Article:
One of the biggest complaints about forced air furnaces is poor airflow. Many people will have one room or even an entire floor in the home that doesn’t receive adequate airflow. As a result, that area will have drastically different temperatures when compared to the rest of the home. This comprehensive guide explores practical steps to improve your furnace’s airflow, ensuring peak performance without professional intervention.
You could crank the heat and hope the extra output covers the affected area. This is a terrible option because it will lead to outrageously high energy bills, overheating areas with adequate airflow, and there is a good chance the extra heat will never actually reach the target room.
Dealing with the airflow problem could also mean avoiding the cold room. However, if that room is a bedroom, chances are avoiding it isn’t an option.
What Could Cause an AirFlow Problem?
Several factors can contribute to poor airflow, and your home may struggle in one or more areas. It is important to know how the ductwork system in your home works because many airflow problems stem from problems with the ductwork.
The ductwork in your home is a system of metal, fiberglass, or wire and plastic tubes that transport the heat created by the furnace through the home.
Every room that receives heat will have a supply and return vent. The supply vent pushes air into the room, and the return vent sucks air back to the furnace to be heated. When there is an obstruction or a leak, airflow problems occur.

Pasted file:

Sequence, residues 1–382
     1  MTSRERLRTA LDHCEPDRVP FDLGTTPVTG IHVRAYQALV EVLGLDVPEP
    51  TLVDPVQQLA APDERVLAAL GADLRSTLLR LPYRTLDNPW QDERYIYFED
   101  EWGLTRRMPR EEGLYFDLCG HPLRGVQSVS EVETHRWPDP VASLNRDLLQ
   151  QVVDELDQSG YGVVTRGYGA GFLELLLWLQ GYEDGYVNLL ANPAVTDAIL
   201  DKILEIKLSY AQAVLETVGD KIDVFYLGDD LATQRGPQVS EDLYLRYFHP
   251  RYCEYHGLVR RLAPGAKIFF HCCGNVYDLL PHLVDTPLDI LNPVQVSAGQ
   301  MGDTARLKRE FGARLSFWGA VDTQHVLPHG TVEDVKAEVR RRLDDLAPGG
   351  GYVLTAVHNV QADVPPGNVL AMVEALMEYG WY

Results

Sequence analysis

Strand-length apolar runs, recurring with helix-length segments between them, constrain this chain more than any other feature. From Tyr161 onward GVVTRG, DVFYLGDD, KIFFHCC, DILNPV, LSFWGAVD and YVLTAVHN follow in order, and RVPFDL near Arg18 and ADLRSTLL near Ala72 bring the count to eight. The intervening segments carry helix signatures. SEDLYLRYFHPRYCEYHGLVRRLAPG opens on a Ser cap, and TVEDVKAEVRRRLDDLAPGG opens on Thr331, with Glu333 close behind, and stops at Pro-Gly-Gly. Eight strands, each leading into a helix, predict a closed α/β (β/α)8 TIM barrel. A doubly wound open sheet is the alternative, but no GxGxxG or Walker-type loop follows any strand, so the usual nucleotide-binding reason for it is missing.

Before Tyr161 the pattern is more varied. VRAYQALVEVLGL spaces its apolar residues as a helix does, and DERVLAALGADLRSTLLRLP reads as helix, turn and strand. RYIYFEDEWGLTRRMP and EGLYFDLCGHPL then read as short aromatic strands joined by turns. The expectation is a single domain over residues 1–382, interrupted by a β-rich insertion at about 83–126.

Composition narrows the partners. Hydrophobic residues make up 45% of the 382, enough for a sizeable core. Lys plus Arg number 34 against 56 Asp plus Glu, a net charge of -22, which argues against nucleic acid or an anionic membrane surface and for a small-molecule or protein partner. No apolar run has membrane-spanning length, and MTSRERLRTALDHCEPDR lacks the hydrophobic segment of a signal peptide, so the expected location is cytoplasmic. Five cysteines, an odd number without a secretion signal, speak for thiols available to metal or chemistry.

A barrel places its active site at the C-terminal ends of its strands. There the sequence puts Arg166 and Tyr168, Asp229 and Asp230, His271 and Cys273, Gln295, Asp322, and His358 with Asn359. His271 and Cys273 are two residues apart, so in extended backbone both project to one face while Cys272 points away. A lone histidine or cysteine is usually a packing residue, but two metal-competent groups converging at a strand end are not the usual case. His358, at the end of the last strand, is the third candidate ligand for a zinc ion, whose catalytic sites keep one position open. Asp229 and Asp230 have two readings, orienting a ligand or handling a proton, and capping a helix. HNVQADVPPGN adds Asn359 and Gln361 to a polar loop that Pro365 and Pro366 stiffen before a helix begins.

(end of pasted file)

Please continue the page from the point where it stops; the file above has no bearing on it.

Let’s take a look at airflow problems caused by ductwork:
Obstruction at the vent
Many airflow problems stem from homeowners placing their furniture or other household items too close to or on top of a vent in the home.
Make sure every vent has adequate breathing room so that it can disperse air freely. Also, many people don’t realize that the vents can be opened or closed. A technician can skillfully adjust the vent openings around the home to maximize airflow.
Obstruction in the duct
Dirty ductwork can increase air friction, which decreases airflow. If the ductwork is especially clogged in one area of the home, this could be causing the airflow problem.
Also, some forms of ductwork have dampers that will direct airflow around the home. You may have a damper closed off to the affected room and not even know about it.
In both situations, you need the help of the technician. They can schedule a certified duct cleaning to cleanse your ductwork of any internal obstructions, and they can also set your dampers to increase airflow to the target area of the home.
Leak in the ductwork
Leaky ductwork is another big problem with central air systems. When there are gaps or poorly insulated areas of the ductwork, airflow is affected because the heated air escapes before it reaches the vent in the room.
You need to have the professionals examine your ductwork system and determine if sections need to be replaced or if you simply need to insulate the ductwork in certain areas.
Also, if you have very old ductwork in your home, you may want to consider replacing the entire system because it will hurt more than just the airflow in the home. It will also bog down the efficiency of the furnace and air conditioner.
How a Dirty Furnace and Filter Leads to Poor Airflow
Not all airflow problems are caused by ductwork. The furnace could also cause airflow problems when the unit is improperly maintained.
The furnace blower motor is the force that propels the air through the vents and into each room in your home. When this motor isn’t cared for, dirt and debris will build up on the fan blades. This could cause failure and decrease the motor’s ability to send air at a rapid speed through the ducts.
Therefore, the rooms furthest away from the furnace will suffer from poor airflow.
Also, when the air filter on the furnace is dirty, it slows down the air as it passes through on its way into the ductwork system.